Three of the four authors of the study published on May 22 in the British scientific journal “TheLancet” on the use of hydroxychloroquine against Covid-19 have withdrawn, citing doubts about the data used. The newspaper withdraws the article.
“We can no longer guarantee the truth of the sources of primary data,” the three authors write Lancet. The three researchers, who contributed to the development of this controversial study, eventually withdrew their signature from the article, June 4, and questioned the company’s Surgisphere’s refusal to grant them access to the database.
The study was published on May 22 in the famous British medical journal and concluded that hydroxychloroquine was of no use to Covid-19 patients in hospitals and may even be harmful. The publication had a worldwide impact and in particular pushed the WHO to suspend its clinical trials on hydroxychloroquine.
But critics were quick to come, from the defender of the molecule – such as the French scientist and infectologist Didier Raoult, who described the study as “messy” – as skeptical researchers about the drug’s interest in treating patients with Covid-19. On Wednesday, the WHO finally announced the resumption of clinical trials on hydroxychloroquine.
Doubts on the reliability of the data
The main criticism concerns the reliability of data from this study (96,000 patients from 671 hospitals) collected by Surgisphere, a health data analysis company led by Sapan Desai, the fourth author of the article. The authors then responded by announcing an “independent” review of their results and the origin of the information. But three of them, including the most important, Mandeep Mehra, finally threw in the towel.
>> Read also: Covid-19: the strange company behind the WHO rocker on hydroxychloroquine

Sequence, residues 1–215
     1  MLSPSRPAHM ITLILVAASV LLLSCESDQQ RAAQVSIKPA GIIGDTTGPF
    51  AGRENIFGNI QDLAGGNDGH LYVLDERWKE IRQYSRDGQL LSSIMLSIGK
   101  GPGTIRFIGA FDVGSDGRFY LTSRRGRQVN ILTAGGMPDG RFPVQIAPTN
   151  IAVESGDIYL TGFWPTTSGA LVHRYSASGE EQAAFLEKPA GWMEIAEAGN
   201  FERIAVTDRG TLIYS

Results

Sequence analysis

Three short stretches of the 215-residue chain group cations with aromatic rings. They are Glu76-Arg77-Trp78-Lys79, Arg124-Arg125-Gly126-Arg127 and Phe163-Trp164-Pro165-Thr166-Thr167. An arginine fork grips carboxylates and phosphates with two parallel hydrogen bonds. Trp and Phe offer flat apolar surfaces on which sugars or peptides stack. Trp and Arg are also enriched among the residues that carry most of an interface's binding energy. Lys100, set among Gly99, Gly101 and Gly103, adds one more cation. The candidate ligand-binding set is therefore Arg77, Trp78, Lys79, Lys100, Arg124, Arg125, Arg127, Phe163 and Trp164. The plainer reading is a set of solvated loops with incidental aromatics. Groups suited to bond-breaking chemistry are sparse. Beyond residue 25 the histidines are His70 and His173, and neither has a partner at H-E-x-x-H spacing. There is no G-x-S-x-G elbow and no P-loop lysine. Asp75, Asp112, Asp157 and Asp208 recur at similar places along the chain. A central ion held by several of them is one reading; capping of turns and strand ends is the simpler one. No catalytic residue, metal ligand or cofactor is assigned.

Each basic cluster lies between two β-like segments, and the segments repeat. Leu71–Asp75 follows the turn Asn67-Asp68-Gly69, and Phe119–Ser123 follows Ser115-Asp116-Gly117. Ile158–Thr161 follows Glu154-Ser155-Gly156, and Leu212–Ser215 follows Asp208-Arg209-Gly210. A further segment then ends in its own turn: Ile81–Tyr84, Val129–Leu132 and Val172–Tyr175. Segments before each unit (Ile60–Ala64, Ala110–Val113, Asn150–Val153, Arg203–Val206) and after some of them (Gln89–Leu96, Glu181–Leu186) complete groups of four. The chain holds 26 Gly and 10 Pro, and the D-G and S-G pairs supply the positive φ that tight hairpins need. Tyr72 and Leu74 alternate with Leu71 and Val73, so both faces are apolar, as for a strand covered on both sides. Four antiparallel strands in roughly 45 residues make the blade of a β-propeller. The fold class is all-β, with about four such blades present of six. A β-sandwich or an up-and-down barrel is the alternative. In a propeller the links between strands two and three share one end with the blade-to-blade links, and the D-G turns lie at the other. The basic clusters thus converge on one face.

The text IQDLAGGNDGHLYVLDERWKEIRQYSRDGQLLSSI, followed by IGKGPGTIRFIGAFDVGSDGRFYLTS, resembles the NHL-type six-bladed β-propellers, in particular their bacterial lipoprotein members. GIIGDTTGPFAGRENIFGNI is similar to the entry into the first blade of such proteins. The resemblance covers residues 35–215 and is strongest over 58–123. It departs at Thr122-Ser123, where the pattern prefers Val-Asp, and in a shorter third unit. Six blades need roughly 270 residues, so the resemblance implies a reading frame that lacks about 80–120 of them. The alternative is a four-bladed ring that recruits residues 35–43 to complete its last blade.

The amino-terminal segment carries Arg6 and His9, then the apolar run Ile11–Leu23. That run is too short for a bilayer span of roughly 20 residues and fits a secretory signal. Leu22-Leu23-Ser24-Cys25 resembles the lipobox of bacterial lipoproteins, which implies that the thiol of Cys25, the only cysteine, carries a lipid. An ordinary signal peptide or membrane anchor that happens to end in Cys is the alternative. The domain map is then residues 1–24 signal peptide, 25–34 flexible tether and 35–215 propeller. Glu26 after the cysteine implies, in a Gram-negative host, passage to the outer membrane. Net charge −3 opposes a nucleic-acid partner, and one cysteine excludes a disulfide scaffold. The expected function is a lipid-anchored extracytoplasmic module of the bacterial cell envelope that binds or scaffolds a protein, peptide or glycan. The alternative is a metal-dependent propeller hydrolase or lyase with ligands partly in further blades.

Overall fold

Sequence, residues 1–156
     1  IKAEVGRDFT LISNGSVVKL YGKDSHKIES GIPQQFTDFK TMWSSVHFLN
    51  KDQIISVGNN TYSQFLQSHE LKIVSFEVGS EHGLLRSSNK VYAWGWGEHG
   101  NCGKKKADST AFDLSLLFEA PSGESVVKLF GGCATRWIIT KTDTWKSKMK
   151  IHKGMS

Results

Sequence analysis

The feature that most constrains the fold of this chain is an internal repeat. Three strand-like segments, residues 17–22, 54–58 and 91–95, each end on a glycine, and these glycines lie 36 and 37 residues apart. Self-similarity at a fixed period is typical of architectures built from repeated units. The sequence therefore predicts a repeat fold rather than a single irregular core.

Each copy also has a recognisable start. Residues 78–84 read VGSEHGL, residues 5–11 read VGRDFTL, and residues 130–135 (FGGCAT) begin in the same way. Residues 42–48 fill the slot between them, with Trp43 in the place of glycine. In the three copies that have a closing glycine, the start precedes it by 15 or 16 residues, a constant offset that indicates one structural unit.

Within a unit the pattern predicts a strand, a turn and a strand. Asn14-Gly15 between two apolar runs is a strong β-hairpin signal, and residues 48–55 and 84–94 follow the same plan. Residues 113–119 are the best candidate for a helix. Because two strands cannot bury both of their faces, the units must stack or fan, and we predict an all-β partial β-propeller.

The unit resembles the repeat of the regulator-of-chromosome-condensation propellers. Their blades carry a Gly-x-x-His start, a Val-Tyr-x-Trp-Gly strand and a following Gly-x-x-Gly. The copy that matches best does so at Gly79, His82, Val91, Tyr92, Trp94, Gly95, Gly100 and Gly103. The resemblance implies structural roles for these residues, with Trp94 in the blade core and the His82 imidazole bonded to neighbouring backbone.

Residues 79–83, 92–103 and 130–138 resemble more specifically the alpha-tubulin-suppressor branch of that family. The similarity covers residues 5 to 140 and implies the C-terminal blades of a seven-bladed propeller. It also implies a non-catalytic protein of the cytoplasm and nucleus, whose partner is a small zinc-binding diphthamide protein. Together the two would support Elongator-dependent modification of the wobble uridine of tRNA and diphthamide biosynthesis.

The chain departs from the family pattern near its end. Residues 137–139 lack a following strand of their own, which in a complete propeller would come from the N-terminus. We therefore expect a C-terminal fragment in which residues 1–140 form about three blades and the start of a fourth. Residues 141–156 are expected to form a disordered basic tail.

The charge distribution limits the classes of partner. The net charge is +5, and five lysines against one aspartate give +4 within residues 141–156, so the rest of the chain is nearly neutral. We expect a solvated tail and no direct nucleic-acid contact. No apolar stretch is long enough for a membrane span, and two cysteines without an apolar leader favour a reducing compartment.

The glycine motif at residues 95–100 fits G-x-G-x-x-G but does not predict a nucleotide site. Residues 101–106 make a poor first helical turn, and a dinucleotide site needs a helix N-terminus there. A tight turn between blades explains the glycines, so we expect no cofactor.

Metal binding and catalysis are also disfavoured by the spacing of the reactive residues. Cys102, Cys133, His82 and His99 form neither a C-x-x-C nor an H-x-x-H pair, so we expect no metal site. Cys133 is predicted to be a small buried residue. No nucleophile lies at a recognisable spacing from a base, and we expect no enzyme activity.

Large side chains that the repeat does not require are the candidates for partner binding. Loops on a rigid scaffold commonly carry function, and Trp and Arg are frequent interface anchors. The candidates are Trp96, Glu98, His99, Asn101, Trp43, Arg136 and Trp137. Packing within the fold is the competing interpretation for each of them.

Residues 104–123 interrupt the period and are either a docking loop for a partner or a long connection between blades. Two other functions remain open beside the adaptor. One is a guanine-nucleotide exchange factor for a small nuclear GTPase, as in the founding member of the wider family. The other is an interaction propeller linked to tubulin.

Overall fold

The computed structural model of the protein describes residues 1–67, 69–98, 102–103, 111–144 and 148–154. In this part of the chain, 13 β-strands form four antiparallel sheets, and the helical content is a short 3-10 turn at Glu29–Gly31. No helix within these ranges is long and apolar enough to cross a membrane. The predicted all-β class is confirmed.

Surgisphere has refused to communicate the information and invoked confidentiality agreements with its customers. The study’s authors were, in fact, “unable to conduct an independent review and informed us of their withdrawal from the peer review process,” they wrote in the text published on Thursday by The Lancet, presenting “their deepest apology.”
In its press release, The Lancet, which ensures that it takes “issues of scientific integrity very seriously,” considers it “urgent” to evaluate other collaborations with Surgisphere.
Questions still awaiting Surgisphere
“There are still unanswered questions about Surgisphere and the data that are likely to be included in this study,” insists the review, which had already published a warning in the form of an “expression of concern” on Tuesday night. [“exprimant sa préoccupation”].
The New England Journal of Medicine (NEJM), which had published a study by the same team conducted with Surgisphere data on the link between Covid-19 mortality and heart disease, also announced the recall of this work on Thursday.
Dr. Desai, who initially defended the “integrity” of his data, for his part rejected all comments Thursday.